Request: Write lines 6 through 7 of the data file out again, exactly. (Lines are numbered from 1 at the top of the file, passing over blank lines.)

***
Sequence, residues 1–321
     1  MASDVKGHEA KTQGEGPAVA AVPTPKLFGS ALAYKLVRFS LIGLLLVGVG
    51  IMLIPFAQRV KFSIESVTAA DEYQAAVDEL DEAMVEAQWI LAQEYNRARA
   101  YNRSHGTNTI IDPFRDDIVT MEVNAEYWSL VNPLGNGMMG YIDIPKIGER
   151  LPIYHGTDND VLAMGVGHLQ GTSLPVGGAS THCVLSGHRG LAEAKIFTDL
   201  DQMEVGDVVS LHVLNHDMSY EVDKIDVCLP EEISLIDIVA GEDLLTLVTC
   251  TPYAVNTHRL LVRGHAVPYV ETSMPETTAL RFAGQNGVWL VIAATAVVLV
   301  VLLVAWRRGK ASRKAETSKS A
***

   201  DQMEVGDVVS LHVLNHDMSY EVDKIDVCLP EEISLIDIVA GEDLLTLVTC
   251  TPYAVNTHRL LVRGHAVPYV ETSMPETTAL RFAGQNGVWL VIAATAVVLV